Final Fantasy Crystal Chronicles -The Crystal Bearers- Music Collections

Final Fantasy Crystal Chronicles -The Crystal Bearers- Music Collections Album Title: Final Fantasy Crystal Chronicles -The Crystal Bearers- Music Collections
Record Label: Square Enix
Catalog No.: SQEX-10175/6
Release Date: December 9, 2009
Purchase: Buy at CDJapan


Hidenori Iwasaki – Composer

The music of the first Crystal Chronicles game, which was released in 2003, featured ancient instruments, and its freshness and unique worldview, in combination with Tanioka-san’s impressionistic melodies, won much admiration. It was a gamble that paid off. Although I was primarily involved as a synthesizer operator, I remember that at the beginning we weren’t using ancient instruments, and her compositions sounded like cute mondo music [Editor’s Note: A catch-all term for off-beat music, from novelty songs to lounge], along the lines of Perry and Kingsley. And then we chanced to meet the ancient music experts at Roba House. To me a crumhorn was something on a Moog synthesizer, and hearing the cute sound of a live one was only one of many surprises I experienced. It was truly a lesson from the past. Completing the first Crystal Chronicles game’s music with Tanioka left a deep impression on me.

In Spring 2006, work began on two new Crystal Chronicles projects, Ring of Fates and Crystal Bearers. The producer had to decide which of the two of us, Tanioka and myself, he wanted for which project. I was chosen for Crystal Bearers, but I didn’t realize at the time how much of a difference there would be between the direction and development time our respective projects would take. He had simply chosen the two people who shared the worldview of the original game.

I soon realized that Crystal Bearers was on track to becoming an adventure game. But at the time, I still wanted to follow the ethnic and ancient music styles of the first game. But then the producer and the director both said “We don’t need anything like the music from the first Crystal Chronicles. We want you to make something completely different!” To be honest, I didn’t know what to do. I knew I needed something with good rhythm, but I resisted the urge to write cheap rock or techno. I felt that, because it was a Crystal Chronicles game, I needed to use warm acoustic elements, and that the players would want them as well. I wanted to have a consistent concept, and not simply genre hop.

Ultimately, after all of this devastating confusion, I arrived at the concept of “American”. Using that, I could create happy, exciting music using acoustic instruments, I thought. Everything went quickly after that. I started with Country, Bluegrass, and Jazz. And when we came to a concept of Rock and American Rock, we had hit it, and the atmosphere became much more relaxed. It was great to work with Yamazaki, a close friend since my student days. We would give each other our honest opinions on the music for each scene, and we worked together resolutely to make this project a success.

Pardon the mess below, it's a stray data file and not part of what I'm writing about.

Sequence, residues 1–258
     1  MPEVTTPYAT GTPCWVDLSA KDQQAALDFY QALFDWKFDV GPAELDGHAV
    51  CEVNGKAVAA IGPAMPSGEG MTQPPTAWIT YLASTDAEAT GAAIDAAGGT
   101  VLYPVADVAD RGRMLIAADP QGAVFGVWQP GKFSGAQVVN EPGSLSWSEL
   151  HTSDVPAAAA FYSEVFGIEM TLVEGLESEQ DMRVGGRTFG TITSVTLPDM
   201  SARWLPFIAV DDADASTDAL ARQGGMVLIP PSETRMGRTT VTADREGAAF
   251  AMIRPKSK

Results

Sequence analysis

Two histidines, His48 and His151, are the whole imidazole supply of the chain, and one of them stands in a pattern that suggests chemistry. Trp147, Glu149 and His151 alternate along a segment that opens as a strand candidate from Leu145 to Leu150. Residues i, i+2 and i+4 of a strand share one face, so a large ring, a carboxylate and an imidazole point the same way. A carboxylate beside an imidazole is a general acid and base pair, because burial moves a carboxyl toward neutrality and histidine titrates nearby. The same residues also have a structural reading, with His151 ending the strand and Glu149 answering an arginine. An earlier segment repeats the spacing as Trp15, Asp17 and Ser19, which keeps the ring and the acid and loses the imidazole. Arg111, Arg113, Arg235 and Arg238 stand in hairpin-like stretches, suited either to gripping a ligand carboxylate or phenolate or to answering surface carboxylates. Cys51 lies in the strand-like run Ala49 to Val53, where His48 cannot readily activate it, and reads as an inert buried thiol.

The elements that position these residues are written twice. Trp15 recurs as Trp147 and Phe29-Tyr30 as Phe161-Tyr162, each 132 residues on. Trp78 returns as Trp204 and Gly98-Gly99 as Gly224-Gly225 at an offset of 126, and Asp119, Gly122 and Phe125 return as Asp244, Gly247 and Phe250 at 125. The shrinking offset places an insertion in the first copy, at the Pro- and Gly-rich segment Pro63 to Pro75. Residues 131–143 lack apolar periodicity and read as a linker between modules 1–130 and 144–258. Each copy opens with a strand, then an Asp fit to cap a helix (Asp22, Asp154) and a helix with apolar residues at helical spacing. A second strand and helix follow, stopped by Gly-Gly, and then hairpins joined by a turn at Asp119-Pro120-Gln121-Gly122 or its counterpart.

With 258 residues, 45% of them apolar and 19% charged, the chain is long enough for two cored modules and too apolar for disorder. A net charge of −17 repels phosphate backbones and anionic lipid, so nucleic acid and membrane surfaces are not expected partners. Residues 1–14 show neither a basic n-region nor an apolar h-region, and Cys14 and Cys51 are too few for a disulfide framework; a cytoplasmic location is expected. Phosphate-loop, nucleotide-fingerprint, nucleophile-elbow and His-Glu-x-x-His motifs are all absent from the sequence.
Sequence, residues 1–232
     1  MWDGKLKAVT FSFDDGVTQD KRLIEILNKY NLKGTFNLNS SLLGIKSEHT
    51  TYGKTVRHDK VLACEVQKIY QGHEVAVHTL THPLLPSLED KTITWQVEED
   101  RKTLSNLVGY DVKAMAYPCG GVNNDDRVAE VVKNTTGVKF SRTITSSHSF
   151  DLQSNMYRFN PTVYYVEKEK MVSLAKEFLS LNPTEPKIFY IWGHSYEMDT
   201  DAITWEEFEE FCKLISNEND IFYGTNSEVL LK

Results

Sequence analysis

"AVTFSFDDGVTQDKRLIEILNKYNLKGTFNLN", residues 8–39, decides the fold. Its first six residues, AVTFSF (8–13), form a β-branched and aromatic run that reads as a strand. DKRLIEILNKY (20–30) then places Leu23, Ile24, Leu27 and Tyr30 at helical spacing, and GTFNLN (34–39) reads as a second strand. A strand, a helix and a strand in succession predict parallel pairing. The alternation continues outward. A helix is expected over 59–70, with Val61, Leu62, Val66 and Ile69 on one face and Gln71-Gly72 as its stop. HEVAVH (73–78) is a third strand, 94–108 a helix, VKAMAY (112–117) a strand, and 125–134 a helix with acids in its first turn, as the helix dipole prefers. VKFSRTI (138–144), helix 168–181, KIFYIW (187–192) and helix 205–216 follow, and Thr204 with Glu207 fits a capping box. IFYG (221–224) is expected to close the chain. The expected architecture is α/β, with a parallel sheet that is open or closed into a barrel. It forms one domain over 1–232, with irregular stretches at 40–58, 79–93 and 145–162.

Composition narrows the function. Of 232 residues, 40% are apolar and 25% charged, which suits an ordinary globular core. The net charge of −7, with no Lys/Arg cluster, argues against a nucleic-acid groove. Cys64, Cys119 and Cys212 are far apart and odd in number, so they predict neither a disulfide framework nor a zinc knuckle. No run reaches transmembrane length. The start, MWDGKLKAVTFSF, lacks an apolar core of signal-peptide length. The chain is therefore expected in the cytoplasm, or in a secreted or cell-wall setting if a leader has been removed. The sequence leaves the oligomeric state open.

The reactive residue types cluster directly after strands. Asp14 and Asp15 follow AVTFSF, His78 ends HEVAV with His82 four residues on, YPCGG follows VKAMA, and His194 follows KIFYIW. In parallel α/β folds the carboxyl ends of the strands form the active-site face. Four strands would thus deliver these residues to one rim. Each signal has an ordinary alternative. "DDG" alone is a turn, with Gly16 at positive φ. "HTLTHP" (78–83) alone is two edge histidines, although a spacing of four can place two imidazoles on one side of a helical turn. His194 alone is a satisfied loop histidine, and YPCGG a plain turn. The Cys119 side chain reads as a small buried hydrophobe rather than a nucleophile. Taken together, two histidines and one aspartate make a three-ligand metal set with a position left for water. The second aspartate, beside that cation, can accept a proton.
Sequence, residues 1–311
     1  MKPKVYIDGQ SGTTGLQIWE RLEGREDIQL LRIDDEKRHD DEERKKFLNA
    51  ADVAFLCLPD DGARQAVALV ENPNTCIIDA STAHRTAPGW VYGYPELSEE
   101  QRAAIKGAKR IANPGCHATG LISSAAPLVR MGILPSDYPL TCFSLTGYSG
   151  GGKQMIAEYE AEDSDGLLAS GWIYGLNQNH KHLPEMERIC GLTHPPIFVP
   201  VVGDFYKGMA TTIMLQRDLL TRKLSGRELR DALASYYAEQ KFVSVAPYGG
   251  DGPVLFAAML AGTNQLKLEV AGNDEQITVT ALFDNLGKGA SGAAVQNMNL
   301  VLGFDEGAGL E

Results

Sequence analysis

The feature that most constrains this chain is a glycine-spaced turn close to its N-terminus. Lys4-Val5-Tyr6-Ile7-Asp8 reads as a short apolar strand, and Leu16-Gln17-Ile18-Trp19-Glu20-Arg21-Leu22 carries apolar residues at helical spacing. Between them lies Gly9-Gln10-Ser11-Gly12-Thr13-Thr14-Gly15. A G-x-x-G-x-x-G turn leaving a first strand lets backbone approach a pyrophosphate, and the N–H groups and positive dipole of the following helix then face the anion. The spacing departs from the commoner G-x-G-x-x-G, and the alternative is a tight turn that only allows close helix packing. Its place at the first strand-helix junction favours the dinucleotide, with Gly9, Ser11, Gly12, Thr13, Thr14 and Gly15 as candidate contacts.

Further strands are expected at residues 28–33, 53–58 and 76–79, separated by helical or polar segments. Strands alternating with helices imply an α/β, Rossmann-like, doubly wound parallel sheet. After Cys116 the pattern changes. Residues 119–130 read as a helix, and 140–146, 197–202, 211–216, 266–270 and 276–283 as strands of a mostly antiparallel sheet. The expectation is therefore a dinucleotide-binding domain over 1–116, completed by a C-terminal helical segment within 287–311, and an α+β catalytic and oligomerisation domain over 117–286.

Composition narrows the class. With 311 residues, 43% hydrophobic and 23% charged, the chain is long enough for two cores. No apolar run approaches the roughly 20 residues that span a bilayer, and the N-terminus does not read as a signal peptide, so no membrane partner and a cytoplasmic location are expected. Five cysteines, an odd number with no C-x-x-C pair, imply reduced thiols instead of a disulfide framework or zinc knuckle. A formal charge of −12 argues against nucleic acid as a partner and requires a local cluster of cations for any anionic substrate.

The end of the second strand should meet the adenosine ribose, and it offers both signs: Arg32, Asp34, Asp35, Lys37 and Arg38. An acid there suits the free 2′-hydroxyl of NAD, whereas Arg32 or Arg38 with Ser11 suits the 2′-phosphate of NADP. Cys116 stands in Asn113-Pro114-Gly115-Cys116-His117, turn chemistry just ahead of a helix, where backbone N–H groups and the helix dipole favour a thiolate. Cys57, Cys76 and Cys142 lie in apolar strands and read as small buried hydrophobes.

When the time came to record, I asked for the services of Satomi-san of Uchida Ongaku Jimusho. It had been 12 years since we had last met, but even after all that time, we got into contact and he assisted me in finding artists. I felt very happy, and am grateful for his efforts. To my orchestrator Miyano-san, my engineers Okitsu-san, Ojima-san, and Isogawa-san, Hamamoto from management, and the people from Roba House who have been involved since the first game, to all of the many who have supported me on this project and brought it to completion, I am grateful. Thank you. And to all of the players who enjoy this music, I wish nothing but happiness.

Ryo Yamazaki – Composer

For this project, Iwasaki and I wrote this and that kind of music and, through trial and error, started to develop a concept for the game’s music.

In the game’s initial stages, seeing the settings and worldview, we wondered if we would emulate the first Crystal Chronicles game’s somewhat simple atmosphere, and for a time were very unsure of what to do. But as development progressed and we began to see that the project would be completely different from the “Connection Adventure” concept the series had held to until now, our uneasiness vanished bit by bit.

Producer Kawazu and Director Itahana told us that “we want you to forget everything you know about the Final Fantasy and Crystal Chronicles series.” Do we have to create the same kind of entertainment we were raised with? As if there were only a single possible answer, we found ourselves on track very quickly. There had been several twists and turns, but once we were on track, we were able to create pieces out of the keywords “Happy, fun, and adventure”.

We divided composition of the character themes by individual style, and I generally chose the unique characters, such as Amidatelion or Jegran. As a result, each character theme’s color is different, and I believe the divisions turned out quite well.

This time, the most enjoyable and also the must problematic work was the recording. Although it was challenging to record everything from guitar family instruments such as the banjo and resonator guitar, to Irish instruments such as the fiddle and bodhrén, to orchestra instruments, I feel that we never let go of our key concept, “adventure”. I want to show my respect to all of the performers who worked with us.

Which is to say that these various experiments were themselves an “adventure” for us, but I will be happy if you simply listen through these CDs, and feel the experiments through the music.

Translated by Ben Schweitzer. Edited by Ben Schweitzer and Chris Greening. Please do not republish without written permission.

Posted on December 9, 2009 by Ben Schweitzer. Last modified on March 8, 2014.

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